Monday, 5 January 2009

Do you speak 2009?

OK, this is lazy blogging I know, just referencing other reports, but work doesn't officially begin till tomorrow (by which I mean later today, it being nearly 2am, and before you start, I've actually just been doing emails).

The Indy on Sunday had a report on 'new buzzwords' for 2009. Some of my favourites:

"Junior moment: Flip-side of a senior moment. Can be committed by adults, with a sudden lapse into immaturity; or by youth, displaying the lack of thoughtfulness, sense or self-preservation we oldies associate with them."

"Edible estates: Phrase coined by US campaigner Fritz Haeg for digging up your lawn and growing in its place something you can eat. After all, we did it in the war, when the Dig For Victory campaign increased the land used for food production by 80 per cent. For examples, see any traditional cottage garden, or back yards in Switzerland, Italy, France, Germany – where grass is for sport or ruminants, not something to be made a fetish of."

"Eco-embedded: The idea that business and government adopts eco-friendly practices that leave the consumer no choice. A ban on plastic shopping bags, for instance, or other plastic-free zones (such as a shopping centre in Balgowlah, New South Wales), carbon emission laws, or 'green' credit cards where consumers pay a little extra to offset the carbon cost of their purchase."

"Enoughism: The creed that holds that we over-consume, amass far too much "stuff" that only ever provides a fleeting pleasure, and ought to cry "Enough!". Experts like John Naish and Oliver James argue this incessant acquisitiveness leads to dissatisfaction that can develop into mental illness. Been around for a while, but fast gaining currency."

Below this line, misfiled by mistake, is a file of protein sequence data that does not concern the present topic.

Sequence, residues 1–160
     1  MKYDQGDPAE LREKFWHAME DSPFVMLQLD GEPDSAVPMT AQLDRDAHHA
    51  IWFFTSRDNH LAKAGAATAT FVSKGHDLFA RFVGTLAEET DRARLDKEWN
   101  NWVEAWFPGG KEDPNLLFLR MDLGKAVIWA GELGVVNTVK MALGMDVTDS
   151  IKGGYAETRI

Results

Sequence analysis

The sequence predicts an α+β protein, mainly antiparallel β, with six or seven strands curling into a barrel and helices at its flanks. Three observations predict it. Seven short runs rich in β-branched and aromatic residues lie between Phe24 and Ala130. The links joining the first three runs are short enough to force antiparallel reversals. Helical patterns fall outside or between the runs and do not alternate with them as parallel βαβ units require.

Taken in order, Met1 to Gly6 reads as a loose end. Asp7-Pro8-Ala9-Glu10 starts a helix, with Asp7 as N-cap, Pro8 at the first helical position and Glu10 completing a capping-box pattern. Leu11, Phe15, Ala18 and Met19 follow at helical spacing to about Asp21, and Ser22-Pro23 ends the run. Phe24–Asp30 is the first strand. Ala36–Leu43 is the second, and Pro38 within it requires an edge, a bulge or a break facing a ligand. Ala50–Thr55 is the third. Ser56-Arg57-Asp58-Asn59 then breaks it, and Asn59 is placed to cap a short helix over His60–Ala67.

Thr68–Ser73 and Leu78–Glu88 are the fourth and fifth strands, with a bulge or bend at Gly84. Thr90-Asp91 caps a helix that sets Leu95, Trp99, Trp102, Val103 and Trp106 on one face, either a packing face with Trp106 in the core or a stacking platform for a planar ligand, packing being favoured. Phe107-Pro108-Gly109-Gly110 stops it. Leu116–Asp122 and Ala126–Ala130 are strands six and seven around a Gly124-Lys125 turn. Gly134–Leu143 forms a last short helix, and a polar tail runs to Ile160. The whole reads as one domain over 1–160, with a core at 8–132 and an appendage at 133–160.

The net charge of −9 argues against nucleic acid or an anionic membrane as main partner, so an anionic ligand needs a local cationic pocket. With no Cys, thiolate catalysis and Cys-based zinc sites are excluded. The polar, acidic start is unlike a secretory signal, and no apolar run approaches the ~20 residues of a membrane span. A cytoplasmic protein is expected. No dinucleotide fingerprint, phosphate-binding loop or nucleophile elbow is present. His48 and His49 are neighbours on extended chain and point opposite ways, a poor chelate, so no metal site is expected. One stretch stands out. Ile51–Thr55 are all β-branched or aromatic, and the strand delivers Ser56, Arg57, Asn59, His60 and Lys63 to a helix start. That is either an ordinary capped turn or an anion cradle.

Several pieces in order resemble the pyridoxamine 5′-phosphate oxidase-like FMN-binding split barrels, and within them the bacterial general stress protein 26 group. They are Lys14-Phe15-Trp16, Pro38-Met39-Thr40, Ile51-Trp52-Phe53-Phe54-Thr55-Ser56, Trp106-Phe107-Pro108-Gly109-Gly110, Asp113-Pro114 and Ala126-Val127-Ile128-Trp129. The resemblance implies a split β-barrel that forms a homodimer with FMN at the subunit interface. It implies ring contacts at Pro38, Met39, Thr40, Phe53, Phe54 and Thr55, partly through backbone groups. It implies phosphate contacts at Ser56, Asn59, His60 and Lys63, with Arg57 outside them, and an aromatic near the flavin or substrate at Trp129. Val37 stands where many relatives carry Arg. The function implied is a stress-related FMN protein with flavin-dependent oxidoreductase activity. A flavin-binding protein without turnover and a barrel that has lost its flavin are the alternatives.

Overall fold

"Unplugging: Technological wing of the above, where someone realises that the time they spend online, on the mobile, curating the Facebook page, etc, is no substitute for living. So they put themselves on a digital diet, and possibly even cultivate an interest in things without keypads. Like other people. What we all need, probably, are more islands of tranquillity, or thinking time, as it used to be known."


Ian B said...

All of which (bar the first) are a sign that something is terribly, terribly wrong. When a society adopts austerity as an ideal rather than as a curse to be suffered until better times, then we can be sure that it has gone at least slightly, and probably severely, mad.

The word "puritan" is perjorative for a reason. People in the past who suffered under those who suffered out of choice, who took a perverse pleasure in suffering, understood only too well what a horror such societies are. The miserable mantra of temperance- "nothing naughty at all, and only a little even of the incontrovertibly good, lest it inflame the passions"- is a quiet, creeping evil sans pareil.

I weep for the world we are making.

Anonymous said...

i have majorly "unplugged" in the last few months. kerry, you're going the other way :-)